By Daniel Lesser
The U.S. economy is expected to grow roughly six percent for the year, however with one quarter to go in 2021, this year has done its best to be as tumultuous and volatile as the last. It feels like we’ve been on this road for a while, with the same kinds of bumps to navigate including COVID, deepening supply chain issues, higher energy prices, a recent cutback in consumer spending, and the scarcity of materials. What everyone had hoped would be a more normalized environment has turned out to be anything but that.
After a rapid rebound in U.S. economic growth during Q2 2021, news of the fast-spreading Delta coronavirus variant created a cloudier outlook. Today there are two perspectives from which to dissect the near-term future, namely glass half empty or glass half full. On the one hand, although the U.S. has achieved months of steadily declining case counts, the fight against the pandemic appears far from over. COVID-19 continues to loom large as new, more transmissible variants, and ongoing virus outbreaks in places like Australia, India, South Korea, and the continent of Africa highlight that the world remains vulnerable to the pandemic. Additionally, according to the Centers for Disease Control and Prevention, less than 60 percent of all Americans are fully vaccinated. On the other hand, the recent swift U.S. economic recovery is unlike any in recent history as U.S. startup businesses are launching at the fastest pace ever, household debt-service burdens in relation to after-tax income are at the lowest levels in decades, home prices are surging, and the S&P 500 and tech-heavy Nasdaq are both up approximately 30% compared to the same period a year ago, and the Dow Jones Industrial Average has risen more than 20%. Widespread vaccination during the first half of 2021, and over two trillion dollars in additional personal savings throughout the last year have provided American consumers the means to spend; specifically on discretionary items such as travel.
The Delta variant led several large companies to push back their return-to-office plans, among them Amazon and Apple announcing that they will delay their workplace returns until at least January 2022 heightening risk for hotels with a trickle through negative effect on business travel. Additionally, major corporate and consumer events with thousands of attendees continue to cancel and/or shift to virtual executions.
Despite the pandemic placing hundreds of thousands of hotel employees out of work, the U.S. lodging industry is facing a massive labor shortage, due in part to the availability of generous unemployment benefits and government funded stimulus checks, schooling and/or childcare challenges, and persistent health concerns about workplaces. Continued permanent migration out of the hospitality industry to higher-paying employment is expected to render upward pressure on labor shortages and wage rates and benefits, placing travel providers at risk of not being able to bring sufficient capacity back in a timely manner to meet demand, resulting in lost profits.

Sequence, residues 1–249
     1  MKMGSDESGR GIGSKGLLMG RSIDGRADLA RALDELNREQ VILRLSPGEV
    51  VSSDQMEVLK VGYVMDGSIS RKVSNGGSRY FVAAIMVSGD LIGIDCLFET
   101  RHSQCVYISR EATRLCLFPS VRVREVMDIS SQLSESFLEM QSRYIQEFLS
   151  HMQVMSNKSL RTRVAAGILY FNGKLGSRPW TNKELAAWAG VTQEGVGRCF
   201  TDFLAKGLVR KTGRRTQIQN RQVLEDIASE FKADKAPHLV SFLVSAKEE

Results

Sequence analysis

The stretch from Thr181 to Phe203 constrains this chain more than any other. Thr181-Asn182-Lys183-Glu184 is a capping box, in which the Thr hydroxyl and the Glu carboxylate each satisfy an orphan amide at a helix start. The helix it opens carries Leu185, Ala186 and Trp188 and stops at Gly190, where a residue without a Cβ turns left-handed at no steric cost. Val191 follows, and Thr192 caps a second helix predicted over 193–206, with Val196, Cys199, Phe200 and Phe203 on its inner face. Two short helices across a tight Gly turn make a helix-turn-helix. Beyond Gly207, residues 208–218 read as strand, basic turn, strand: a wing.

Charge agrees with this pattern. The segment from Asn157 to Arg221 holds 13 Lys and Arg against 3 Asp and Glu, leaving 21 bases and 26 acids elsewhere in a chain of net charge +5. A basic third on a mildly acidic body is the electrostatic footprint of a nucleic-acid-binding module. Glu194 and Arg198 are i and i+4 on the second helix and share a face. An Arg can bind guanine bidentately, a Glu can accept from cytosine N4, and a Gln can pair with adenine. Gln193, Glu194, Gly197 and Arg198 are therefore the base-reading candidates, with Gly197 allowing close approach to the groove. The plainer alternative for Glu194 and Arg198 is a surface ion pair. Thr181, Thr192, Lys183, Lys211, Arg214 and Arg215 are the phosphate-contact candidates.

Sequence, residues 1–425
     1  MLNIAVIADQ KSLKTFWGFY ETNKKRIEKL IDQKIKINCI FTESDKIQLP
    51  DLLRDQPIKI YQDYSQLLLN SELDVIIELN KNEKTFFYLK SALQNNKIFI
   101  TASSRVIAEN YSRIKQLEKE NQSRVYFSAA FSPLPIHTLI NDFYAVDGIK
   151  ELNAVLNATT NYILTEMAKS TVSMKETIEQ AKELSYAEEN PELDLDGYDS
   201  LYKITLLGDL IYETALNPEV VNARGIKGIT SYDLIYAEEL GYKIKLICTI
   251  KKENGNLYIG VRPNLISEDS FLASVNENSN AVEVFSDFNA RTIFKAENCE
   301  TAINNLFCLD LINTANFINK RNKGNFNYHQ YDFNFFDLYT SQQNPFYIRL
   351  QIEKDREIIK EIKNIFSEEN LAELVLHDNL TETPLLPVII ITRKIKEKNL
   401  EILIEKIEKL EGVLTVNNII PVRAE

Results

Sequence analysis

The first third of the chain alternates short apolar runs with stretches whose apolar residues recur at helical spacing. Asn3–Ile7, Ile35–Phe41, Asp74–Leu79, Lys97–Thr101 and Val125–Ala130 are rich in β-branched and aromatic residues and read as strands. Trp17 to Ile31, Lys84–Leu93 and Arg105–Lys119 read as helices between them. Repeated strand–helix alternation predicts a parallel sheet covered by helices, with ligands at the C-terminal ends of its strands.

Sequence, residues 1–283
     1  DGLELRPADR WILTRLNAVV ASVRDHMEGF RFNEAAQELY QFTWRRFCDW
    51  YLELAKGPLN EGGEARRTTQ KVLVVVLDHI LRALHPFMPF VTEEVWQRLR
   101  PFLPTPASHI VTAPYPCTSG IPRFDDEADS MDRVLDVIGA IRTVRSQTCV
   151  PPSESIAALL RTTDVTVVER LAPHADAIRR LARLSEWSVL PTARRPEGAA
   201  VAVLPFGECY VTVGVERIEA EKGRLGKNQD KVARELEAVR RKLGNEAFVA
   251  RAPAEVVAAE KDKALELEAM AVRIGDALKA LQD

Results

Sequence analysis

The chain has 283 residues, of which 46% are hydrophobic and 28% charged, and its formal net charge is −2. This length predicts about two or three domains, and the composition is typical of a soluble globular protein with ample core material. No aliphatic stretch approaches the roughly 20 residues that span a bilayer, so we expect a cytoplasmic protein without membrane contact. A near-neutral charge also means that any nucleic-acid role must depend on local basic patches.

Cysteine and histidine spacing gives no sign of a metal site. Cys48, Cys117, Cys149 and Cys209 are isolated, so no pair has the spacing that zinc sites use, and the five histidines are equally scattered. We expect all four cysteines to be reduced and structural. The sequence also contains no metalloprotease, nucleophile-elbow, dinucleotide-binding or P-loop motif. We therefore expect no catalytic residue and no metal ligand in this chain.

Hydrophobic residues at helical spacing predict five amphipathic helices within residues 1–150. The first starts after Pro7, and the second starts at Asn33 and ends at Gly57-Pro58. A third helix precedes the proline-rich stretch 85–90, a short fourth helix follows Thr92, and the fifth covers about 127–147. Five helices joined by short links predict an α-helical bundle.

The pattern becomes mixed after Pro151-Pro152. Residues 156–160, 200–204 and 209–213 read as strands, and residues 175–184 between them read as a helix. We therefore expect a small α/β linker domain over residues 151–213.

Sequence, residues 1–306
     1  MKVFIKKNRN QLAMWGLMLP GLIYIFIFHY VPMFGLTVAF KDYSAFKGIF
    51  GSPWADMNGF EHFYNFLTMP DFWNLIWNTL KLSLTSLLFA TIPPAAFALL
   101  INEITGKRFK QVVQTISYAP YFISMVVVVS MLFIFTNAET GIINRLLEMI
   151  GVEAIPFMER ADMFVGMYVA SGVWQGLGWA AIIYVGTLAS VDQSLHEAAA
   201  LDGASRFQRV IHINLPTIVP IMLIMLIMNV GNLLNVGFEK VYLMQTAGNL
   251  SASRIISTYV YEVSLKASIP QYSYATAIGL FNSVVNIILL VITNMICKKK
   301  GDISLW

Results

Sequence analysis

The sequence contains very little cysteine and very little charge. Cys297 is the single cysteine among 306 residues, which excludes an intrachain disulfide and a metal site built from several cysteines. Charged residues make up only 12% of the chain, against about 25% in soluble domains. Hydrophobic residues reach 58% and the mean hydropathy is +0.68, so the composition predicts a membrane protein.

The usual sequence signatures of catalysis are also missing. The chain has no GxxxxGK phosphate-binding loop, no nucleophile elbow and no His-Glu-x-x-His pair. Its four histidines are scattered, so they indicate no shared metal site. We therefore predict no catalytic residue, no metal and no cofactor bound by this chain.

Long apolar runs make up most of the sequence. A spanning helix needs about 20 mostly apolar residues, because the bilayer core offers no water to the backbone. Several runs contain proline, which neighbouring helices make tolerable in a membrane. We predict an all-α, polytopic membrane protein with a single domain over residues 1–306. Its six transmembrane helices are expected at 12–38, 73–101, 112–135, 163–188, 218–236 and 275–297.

Generally, the commercial real estate market in the U.S. is flourishing, as asset values declined far less than during the Great Recession of 2008/2009 and have already reversed course into a recovery. In addition to federal government support of the economy, thus far lenders have been flexible with forbearance terms and have avoided widespread foreclosures. Copious amounts of all types of debt and equity are available from domestic and offshore entities that currently perceive U.S. hotels as desirable acquisition and investment opportunities, particularly due to the notion of being able to continuously raise rooms rates during an inflationary environment. Furthermore, rescue capital to provide needed liquidity for hotel owners to retain their assets is competing with opportunistic investors seeking distressed investment plays.
Debt markets for hotel financing continue to expand as capital is more readily available, spreads continue to compress, and terms are improving. This favorable financing backdrop has continued to support higher underlying real estate values and increasing transaction activity, particularly for cash-flowing and better-performing hotels.
The LW Hospitality Advisors (LWHA) Q3 2021 Major U.S. Hotel Sales Survey includes 90 single asset sale transactions over $10 million. These transactions totaled $14.4 billion and included approximately 27,000 hotel rooms with an average sale price per room of $532,000. Net of The Cosmopolitan of Las Vegas and the Aria Resort & Casino and Vdara Hotel & Spa also in Las Vegas, both of which trades skew the data given their relative size, the Q3 2021 statistics equate to 88 trades totaling $4.8 billion, roughly 18,500 hotel rooms with an average sale price per room of $261,000. By comparison, the LWHA Q3 2020 Major U.S. Hotel Sales Survey included 12 single asset sale transactions totaling $829 million including approximately 2,700 hotel rooms with an average sale price per room of $306,000. Comparing Q3 2021 with Q3 2020, the number of trades increased more than sevenfold while total dollar volume rose nearly six times and sales price per room decreased by roughly 15 percent. By comparison, the LWHA Q3 2019 Major U.S. Hotel Sales Survey identified 40 transactions totaling roughly $3.725 billion including 13,100 hotel rooms with an average sale price per room of nearly $283,000. Comparing Q3 2021 with Q3 2019, the number of trades increased by 120 percent while total dollar volume rose 30 percent and sales price per room decreased by 8 percent. After several quarters of limited sales volume, the flood gates opened in Q3 2021.